Joe Blakely (Lynching of)

On May 29, 1909, African-American man Sam Blakely—with his brother Joe Blakely as an accessory—allegedly murdered deputy sheriff Walter Cain in Portland (Ashley County). Sam briefly escaped, and Joe was eventually lynched for his role in the murder. The incident was covered by numerous newspapers across the country, including the Los Angeles Times and the New York Tribune.

According to the Arkansas Gazette, the difficulty started when a white farmer named Bud Harper killed Sam Blakely’s dog. The two Blakely brothers then went to Harper’s home, assaulting him “in his own yard, abusing him while he held Mr. Harper under gun cover, backed up by Joe.” Warrants were sworn out against the African-American brothers for disturbing the peace, and Cain went to Sam’s home to arrest the brothers. Sam asked to go into his house to get his coat and then slammed the door on Cain. When Cain forced it open, he was immediately shot.

Sam Blakely escaped and was suspected of hiding in the swamps in nearby Chicot County. Sheriff C. M. Matthews formed a posse and began to pursue him with dogs. He apparently got onto a northbound freight train somewhere between Montrose (Ashley County) and Dermott (Chicot County). An officer in Dermott recognized him, but when he asked Blakely to halt, Blakely shot at him. Additional dogs were brought to Dermott by train, but by the following day, Sam Blakely had not been found.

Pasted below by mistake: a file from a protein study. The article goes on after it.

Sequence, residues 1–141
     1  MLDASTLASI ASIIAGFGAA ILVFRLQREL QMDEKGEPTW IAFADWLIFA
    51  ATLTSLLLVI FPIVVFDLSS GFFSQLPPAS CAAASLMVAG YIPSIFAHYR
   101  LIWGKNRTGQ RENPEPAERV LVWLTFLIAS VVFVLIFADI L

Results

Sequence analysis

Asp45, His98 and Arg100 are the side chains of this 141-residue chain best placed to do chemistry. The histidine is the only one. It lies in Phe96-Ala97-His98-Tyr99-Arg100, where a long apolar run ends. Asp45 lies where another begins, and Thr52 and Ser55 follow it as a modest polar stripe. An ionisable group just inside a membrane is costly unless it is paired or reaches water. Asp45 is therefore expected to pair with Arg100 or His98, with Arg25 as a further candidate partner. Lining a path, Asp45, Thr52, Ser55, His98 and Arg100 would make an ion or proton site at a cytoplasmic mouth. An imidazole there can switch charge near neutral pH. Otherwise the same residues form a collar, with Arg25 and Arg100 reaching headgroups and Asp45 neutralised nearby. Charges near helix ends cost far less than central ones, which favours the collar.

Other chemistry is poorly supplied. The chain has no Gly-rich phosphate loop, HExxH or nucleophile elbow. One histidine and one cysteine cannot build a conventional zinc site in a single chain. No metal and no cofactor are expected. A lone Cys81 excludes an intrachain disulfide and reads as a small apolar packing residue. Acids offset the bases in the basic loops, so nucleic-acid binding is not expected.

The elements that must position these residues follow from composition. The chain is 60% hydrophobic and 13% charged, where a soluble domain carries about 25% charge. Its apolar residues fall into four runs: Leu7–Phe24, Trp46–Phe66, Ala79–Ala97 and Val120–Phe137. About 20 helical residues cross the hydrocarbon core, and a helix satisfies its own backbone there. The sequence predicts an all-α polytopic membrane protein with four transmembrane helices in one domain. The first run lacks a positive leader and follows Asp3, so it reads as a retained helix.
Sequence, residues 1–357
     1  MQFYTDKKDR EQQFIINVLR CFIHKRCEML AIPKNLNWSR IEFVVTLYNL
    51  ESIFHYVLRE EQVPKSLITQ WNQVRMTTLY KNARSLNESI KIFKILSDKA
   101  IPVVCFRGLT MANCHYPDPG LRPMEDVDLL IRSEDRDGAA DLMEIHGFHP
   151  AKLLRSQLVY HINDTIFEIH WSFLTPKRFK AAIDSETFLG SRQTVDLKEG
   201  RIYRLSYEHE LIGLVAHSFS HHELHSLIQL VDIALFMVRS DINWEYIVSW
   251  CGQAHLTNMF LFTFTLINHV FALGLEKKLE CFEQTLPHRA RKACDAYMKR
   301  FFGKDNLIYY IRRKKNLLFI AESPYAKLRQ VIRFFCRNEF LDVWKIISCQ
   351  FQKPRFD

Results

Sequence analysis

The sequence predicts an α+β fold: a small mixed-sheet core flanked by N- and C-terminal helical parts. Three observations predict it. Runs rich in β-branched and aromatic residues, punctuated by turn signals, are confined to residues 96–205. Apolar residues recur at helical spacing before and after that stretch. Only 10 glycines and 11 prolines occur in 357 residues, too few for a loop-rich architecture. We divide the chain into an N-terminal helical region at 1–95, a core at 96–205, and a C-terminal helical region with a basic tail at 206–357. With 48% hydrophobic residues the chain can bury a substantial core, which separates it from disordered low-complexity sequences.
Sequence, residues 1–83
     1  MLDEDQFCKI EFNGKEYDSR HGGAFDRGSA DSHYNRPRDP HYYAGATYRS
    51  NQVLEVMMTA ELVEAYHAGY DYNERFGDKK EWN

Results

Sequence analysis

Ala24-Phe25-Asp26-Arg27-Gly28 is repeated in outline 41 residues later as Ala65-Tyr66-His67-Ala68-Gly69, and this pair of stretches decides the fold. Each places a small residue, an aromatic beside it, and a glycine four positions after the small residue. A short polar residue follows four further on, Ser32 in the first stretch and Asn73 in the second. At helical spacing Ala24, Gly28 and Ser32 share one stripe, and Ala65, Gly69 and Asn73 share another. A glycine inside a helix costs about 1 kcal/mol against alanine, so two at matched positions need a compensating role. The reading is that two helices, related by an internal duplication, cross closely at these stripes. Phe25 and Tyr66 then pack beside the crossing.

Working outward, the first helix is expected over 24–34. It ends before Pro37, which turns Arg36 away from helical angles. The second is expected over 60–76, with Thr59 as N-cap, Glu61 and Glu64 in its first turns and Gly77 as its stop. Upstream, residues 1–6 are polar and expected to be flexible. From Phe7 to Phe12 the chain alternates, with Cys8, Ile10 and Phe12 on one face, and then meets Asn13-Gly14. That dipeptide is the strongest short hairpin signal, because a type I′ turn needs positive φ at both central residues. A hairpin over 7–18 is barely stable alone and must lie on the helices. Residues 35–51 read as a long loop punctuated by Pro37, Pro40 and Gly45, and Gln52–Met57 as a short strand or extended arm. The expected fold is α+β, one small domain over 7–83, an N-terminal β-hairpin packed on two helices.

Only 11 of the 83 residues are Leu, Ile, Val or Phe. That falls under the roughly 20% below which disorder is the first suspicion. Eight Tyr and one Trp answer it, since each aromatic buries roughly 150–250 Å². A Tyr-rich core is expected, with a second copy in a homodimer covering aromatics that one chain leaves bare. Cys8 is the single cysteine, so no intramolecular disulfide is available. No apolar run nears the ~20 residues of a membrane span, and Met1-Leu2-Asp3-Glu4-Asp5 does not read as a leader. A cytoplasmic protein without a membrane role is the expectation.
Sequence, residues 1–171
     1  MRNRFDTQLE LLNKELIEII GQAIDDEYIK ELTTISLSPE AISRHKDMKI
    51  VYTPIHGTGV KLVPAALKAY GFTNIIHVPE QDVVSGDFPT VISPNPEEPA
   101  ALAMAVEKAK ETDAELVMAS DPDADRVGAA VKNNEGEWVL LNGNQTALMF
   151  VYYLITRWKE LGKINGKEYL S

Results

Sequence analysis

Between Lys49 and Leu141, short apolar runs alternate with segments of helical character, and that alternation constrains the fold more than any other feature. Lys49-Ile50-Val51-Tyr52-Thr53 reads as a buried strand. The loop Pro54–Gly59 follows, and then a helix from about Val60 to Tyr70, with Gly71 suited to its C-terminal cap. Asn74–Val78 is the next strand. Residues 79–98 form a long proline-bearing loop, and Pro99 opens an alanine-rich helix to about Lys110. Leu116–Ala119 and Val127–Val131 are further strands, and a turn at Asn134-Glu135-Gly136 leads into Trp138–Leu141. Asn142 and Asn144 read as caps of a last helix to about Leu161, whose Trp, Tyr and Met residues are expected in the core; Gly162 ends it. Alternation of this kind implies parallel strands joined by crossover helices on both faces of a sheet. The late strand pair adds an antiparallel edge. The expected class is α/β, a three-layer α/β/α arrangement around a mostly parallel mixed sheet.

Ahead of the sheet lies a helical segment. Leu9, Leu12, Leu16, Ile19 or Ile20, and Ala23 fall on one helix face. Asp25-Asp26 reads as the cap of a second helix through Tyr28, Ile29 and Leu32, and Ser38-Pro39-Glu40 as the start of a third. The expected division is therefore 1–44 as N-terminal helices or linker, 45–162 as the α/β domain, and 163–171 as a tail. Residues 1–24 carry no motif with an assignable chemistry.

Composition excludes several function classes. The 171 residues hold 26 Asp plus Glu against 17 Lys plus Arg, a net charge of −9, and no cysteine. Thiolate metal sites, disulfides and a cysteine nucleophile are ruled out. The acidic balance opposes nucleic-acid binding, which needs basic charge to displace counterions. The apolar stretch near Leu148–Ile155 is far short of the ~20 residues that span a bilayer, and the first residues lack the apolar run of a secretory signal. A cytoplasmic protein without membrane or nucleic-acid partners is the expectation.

In the meantime, Joe Blakely had been taken into custody as an accessory. While under arrest, he reportedly threatened to kill Bud Harper. In consequence, although he had not in fact murdered Cain, he was lynched. The Salt Lake City Broad Ax opined that “the lynching of the brother of the man who is charged with shooting Deputy Sheriff Cain is what they call red-handed justice, down in dark and bloody Ark.” Sam Blakely was captured on June 2 in Mississippi and is believed to have been returned to Arkansas, but no further record has been found.

According to the Gazette, Cain was survived by “his wife, who is said to be unprovided for, and a large number of relatives.” In 1910, Cain’s widow, Annie, was living with his parents in Portland.

For additional information:
“Deputy Shot and Killed by Negro.” Arkansas Gazette, May 30, 1909, p. 2.

“Killing of a Dog Leads to Lynching.” Arkansas Gazette, May 31, 1909, p. 1.

“Murderer’s Brother is Lynched.” Broad Ax (Salt Lake City, Utah), June 5, 1909, p. 2.

“Sam Blakely is Captured.” Arkansas Gazette, June 3, 1909, p. 1.

Nancy Snell Griffith
Clinton, South Carolina


No comments on this entry yet.